When the ancestors of the Whaplod family emigrated to England
following the Norman Conquest
in 1066 they brought their family name with them. They lived in Norfolk
, at Walpole.
Looking back even further, we found the name was originally derived from the Old English words welle,
and refers to a pool formed by a well.
Early Origins of the Whaplod family
The surname Whaplod was first found in Norfolk
where they held a family seat
at the time of the Conquest at Freethorpe and Mershland. John of Walpole was nephew of Waleran, the great Essex Baron
who was Count of Meulan in Normandy
. Joceline de Walpole was living in the reign of Stephen and Reginald de Walpole, in the time of Henry I seems to have been the lineal ancestor of the house. CITATION[CLOSE]
Shirley, Evelyn Philip, The Noble and Gentle Men of England; The Arms and Descents. Westminster: John Bower Nichols and Sons, 1866, Print.
Early History of the Whaplod family
This web page shows only a small excerpt of our Whaplod research.Another 287 words (20 lines of text) covering the years 1100, 1722, 1735, 1558, 1595, 1929, 1970, 1560, 1637, 1621, 1668, 1660, 1668, 1650, 1700, 1689, 1700, 1676, 1745, 1678, 1757, 1683 and 1726 are included under the topic Early Whaplod History in all our PDF Extended History products and printed products wherever possible.
Whaplod Spelling Variations
The English language only became standardized in the last few centuries. For that reason, spelling variations
are common among many Anglo-Norman names. The shape of the English language was frequently changed with the introduction of elements of Norman French, Latin, and other European languages; even the spelling of literate people's names were subsequently modified. Whaplod has been recorded under many different variations, including Walpole, Walpolle, Wallpole and others.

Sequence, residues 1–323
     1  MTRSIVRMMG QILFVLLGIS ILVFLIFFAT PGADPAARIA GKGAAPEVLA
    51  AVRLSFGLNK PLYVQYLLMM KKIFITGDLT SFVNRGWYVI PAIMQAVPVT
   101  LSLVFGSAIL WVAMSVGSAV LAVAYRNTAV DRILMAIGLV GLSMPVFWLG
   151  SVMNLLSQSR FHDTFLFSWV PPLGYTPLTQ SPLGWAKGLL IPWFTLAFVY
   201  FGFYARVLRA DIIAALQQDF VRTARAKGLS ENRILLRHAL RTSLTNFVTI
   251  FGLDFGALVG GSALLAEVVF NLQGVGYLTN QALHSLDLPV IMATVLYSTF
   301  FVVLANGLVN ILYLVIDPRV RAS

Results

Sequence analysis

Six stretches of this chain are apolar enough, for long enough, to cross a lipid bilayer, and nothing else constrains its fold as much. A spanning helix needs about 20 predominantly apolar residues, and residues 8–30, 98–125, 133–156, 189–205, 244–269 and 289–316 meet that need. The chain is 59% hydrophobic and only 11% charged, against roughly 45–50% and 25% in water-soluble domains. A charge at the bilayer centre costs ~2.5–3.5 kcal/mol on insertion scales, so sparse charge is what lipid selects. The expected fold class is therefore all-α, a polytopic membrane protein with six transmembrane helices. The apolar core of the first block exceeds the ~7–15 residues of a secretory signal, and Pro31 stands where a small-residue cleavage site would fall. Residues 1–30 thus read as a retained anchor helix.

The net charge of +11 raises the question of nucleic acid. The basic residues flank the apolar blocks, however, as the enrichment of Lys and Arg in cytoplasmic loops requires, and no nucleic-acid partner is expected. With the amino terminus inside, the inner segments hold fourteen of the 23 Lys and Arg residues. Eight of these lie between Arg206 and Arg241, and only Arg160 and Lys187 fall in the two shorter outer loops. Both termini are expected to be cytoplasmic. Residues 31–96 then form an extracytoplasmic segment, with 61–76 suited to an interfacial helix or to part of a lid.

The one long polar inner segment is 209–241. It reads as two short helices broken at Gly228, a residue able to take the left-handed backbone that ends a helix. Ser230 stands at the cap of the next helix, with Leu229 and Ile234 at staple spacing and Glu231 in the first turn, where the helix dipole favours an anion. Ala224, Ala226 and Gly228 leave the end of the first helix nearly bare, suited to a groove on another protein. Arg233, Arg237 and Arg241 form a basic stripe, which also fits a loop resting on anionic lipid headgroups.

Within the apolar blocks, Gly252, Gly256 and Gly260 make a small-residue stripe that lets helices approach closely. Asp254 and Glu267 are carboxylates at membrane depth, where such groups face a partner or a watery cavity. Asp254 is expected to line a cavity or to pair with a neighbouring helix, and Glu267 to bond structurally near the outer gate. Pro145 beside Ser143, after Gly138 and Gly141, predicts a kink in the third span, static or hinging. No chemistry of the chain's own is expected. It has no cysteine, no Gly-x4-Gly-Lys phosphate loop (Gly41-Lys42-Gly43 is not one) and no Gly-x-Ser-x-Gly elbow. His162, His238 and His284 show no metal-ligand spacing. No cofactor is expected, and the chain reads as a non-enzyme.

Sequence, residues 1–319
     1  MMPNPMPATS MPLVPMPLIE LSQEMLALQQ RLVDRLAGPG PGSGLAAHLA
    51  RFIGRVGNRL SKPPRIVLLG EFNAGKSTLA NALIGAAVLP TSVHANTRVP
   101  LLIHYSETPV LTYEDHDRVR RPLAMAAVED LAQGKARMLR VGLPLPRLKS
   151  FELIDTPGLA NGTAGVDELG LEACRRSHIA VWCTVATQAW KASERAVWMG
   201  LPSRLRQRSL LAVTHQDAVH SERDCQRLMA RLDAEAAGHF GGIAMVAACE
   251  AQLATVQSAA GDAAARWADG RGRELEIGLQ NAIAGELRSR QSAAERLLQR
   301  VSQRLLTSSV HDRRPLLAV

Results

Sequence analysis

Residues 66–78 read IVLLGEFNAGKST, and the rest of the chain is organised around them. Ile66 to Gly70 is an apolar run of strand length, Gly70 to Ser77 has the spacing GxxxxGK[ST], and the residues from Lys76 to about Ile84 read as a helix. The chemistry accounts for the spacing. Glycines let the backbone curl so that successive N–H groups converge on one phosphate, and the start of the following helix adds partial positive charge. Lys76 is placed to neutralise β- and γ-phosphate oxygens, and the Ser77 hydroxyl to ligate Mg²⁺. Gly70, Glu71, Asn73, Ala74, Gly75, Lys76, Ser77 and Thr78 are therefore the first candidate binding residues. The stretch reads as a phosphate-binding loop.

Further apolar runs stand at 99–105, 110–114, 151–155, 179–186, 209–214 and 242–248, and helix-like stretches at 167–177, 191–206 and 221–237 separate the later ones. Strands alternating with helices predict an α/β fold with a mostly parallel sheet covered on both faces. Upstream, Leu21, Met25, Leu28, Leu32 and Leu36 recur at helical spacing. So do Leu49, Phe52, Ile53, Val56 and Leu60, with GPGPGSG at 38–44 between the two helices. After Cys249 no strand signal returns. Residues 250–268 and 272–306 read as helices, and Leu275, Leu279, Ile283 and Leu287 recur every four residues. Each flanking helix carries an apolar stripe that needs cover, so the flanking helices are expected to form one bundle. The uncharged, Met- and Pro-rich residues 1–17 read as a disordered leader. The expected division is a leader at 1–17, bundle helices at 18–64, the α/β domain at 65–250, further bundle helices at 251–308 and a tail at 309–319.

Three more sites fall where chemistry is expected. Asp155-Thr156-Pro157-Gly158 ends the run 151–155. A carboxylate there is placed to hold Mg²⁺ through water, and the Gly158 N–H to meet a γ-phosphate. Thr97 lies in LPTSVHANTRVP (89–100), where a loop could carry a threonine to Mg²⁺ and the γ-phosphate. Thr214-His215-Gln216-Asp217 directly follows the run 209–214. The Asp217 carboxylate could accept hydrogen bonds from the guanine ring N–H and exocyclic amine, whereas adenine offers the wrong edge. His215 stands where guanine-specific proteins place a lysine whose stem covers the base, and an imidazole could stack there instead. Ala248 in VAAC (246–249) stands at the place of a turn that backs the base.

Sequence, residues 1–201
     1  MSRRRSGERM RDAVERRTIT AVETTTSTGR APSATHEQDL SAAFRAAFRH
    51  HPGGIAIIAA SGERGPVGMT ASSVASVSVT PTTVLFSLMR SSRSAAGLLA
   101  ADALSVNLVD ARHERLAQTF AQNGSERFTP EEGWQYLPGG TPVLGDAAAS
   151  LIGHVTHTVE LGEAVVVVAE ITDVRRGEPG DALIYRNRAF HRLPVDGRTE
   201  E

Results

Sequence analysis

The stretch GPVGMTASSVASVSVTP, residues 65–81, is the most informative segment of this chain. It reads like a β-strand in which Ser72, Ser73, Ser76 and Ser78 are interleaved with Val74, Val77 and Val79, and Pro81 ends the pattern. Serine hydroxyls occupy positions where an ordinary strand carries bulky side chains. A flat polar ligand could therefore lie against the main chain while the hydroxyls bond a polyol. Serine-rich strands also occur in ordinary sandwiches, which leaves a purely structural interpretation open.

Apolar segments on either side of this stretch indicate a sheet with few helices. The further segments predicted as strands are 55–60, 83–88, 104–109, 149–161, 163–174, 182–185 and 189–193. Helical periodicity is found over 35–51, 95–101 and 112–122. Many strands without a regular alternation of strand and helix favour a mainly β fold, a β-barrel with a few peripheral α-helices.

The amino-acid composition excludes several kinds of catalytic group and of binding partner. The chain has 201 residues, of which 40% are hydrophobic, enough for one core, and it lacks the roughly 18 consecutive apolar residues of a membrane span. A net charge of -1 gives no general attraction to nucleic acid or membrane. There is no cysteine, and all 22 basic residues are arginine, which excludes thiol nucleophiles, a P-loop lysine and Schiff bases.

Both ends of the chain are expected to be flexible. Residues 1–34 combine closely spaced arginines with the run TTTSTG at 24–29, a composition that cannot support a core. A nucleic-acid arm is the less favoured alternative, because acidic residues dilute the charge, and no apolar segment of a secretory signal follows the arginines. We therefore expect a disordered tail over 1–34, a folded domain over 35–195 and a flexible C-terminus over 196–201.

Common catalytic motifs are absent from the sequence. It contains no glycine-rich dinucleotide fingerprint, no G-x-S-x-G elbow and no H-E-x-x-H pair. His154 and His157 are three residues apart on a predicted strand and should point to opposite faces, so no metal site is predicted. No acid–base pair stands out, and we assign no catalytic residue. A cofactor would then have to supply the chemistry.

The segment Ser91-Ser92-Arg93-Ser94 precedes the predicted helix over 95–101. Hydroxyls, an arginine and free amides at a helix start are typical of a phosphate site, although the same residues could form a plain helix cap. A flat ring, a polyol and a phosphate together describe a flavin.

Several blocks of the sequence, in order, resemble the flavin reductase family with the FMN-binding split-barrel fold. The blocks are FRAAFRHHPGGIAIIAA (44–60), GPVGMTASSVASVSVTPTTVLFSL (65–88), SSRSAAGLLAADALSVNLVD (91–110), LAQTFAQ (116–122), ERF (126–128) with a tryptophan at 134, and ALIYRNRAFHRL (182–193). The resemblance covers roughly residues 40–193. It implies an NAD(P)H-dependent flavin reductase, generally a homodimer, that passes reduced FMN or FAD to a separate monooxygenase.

Early Notables of the Whaplod family (pre 1700)
Outstanding amongst the family at this time was Henry Walpole (1558-1595), an English Jesuit martyr from Docking, Norfolk; he was beatified in 1929 and canonized in 1970; Edward Walpole (1560-1637), an English Roman Catholic convert, who became known as a Jesuit missioner and preacher; Sir Edward Walpole (1621-1668), an English politician... Another 86 words (6 lines of text) are included under the topic Early Whaplod Notables in all our PDF Extended History products and printed products wherever possible.
Migration of the Whaplod family to Ireland
Some of the Whaplod family moved to Ireland
, but this topic is not covered in this excerpt. More information about their life in Ireland
is included in all our PDF Extended History products
and printed products wherever possible.
Migration of the Whaplod family to the New World and Oceana
To escape the uncertainty of the political and religious uncertainty found in England
, many English families boarded ships at great expense to sail for the colonies held by Britain. The passages were expensive, though, and the boats were unsafe, overcrowded, and ridden with disease. Those who were hardy and lucky enough to make the passage intact were rewarded with land, opportunity, and social environment less prone to religious and political persecution. Many of these families went on to be important contributors to the young nations of Canada and the United States where they settled. Whaplods were some of the first of the immigrants to arrive in North America: Thomas Walpole arrived in Philadelphia in 1802.
The Whaplod Motto
The motto was originally a war cry or slogan. Mottoes first began to be shown with arms in the 14th and 15th centuries, but were not in general use until the 17th century. Thus the oldest coats of arms generally do not include a motto. Mottoes seldom form part of the grant of arms: Under most heraldic authorities, a motto is an optional component of the coat of arms, and can be added to or changed at will; many families have chosen not to display a motto.
Motto: Fari quae sentiat
Motto Translation: To speak what he feels.